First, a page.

Bulletin #21

UFTO Bulletin #21 April 29, 1996

To: UFTO Members: . . in this issue: . . . . . .

Tampa Meeting EdF Project Employee Patents DOE Workshop

This will be a quick note, to be followed up in more detail later in the month, since I’m leaving town tomorrow April 30 for a week (see item 3 below).


I hope you and your company representatives found both meetings to be useful and productive. I know I did. Copies of any trip reports or notes would be much appreciated.

One key bit of guidance I got was that email is working well for UFTO, so I should emphasize sending materials that way–which is why this Bulletin is coming to you this way.
2. WELCOME A NEW MEMBER: Sierra Pacific Power Co., in Reno NV joined UFTO. Bob Balzar is our point of contact, and he can be reached at 702-689-4028. (See the new UFTO member list handed out in Tampa.)
3. One of the major departments in the R&D part of Electricite de France has agreed to a proposal I submitted to them to investigate their R&D portfolio, to get a sense of what they have to offer and how it could be communicated. The sheer size of EdF’s programs plus the fact that their work is primarily focused on electric utility needs means that we can be sure to find a treasure trove of technology.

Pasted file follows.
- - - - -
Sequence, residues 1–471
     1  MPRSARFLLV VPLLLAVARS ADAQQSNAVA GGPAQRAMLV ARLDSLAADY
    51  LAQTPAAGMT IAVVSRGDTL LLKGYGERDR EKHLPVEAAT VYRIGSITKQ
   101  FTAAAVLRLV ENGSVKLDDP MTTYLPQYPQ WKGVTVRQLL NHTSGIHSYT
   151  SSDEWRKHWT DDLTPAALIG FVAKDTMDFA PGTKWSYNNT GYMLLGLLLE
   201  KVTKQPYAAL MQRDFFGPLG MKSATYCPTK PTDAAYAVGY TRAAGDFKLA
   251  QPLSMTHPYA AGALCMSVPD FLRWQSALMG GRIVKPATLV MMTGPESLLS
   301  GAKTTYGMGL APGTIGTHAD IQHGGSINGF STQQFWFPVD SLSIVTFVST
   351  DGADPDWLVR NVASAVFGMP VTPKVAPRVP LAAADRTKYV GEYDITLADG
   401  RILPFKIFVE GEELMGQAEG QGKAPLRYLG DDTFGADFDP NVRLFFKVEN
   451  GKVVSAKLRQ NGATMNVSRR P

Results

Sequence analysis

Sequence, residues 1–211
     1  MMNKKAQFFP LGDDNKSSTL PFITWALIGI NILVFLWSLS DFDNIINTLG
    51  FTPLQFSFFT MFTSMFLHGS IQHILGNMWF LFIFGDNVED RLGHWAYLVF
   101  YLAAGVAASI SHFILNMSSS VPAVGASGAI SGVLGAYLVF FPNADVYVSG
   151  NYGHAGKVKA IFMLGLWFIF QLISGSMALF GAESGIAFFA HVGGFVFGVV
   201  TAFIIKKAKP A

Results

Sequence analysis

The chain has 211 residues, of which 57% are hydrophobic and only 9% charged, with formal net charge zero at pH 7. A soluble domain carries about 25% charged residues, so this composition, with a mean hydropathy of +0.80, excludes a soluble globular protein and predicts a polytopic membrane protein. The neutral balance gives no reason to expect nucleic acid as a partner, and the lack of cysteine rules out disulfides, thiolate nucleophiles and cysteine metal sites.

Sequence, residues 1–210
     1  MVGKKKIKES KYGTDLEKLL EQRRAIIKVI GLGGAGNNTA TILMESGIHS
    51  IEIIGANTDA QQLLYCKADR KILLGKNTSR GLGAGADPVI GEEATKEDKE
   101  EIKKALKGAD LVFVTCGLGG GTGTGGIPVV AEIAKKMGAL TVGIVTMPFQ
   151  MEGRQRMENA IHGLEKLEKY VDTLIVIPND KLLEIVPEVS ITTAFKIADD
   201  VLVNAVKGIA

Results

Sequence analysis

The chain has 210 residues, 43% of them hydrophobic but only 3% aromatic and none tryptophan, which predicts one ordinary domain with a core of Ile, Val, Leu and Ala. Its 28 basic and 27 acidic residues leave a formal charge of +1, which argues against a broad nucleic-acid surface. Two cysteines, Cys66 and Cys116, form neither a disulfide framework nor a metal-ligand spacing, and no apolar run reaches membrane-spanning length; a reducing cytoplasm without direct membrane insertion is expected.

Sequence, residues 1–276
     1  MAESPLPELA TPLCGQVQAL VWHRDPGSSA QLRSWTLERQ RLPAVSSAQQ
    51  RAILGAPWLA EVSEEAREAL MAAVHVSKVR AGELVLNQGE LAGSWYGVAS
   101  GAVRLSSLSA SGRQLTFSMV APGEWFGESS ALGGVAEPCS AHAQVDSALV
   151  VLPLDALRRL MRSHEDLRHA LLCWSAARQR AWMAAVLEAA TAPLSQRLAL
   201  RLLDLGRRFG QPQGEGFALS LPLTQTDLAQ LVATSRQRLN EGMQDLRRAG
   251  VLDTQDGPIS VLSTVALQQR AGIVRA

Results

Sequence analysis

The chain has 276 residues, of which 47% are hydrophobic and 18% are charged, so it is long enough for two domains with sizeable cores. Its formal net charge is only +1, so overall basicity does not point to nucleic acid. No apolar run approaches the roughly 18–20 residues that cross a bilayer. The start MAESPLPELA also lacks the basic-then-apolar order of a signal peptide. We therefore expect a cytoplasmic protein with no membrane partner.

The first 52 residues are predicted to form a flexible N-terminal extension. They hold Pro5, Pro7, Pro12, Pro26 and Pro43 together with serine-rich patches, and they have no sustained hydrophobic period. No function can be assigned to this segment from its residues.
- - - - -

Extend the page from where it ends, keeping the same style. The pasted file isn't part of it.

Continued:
While this project is separate and apart from UFTO, I anticipate benefits to you as UFTO members, since I’ve positioned you as the “test audience” for EdF technology information. I’ll keep you posted. I’ll be traveling to EdF in Paris, leaving Tuesday April 30 and back here in the office on May 9. (Don’t be too envious–it’ll be a lot of hard work and long hours, honest!)
4. Texas Utilities wants a survey done on Employee Invention/Patents policies and procedures, across utilities and more importantly other technology companies. Are you sufficiently interested in participating to want to kick in some resources (e.g., UFTO consulting time or dollars)? This could work like the “benchmarking” study I did earlier this year, or it could be a full-fledged UFTO deliverable. Let me know!